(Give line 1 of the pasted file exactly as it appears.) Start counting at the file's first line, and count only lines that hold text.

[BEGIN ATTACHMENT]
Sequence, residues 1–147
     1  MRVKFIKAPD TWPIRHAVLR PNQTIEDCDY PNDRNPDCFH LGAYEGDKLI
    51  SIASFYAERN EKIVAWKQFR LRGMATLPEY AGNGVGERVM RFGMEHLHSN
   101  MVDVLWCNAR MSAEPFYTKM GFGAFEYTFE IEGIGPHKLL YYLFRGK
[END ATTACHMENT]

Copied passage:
Sequence, residues 1–147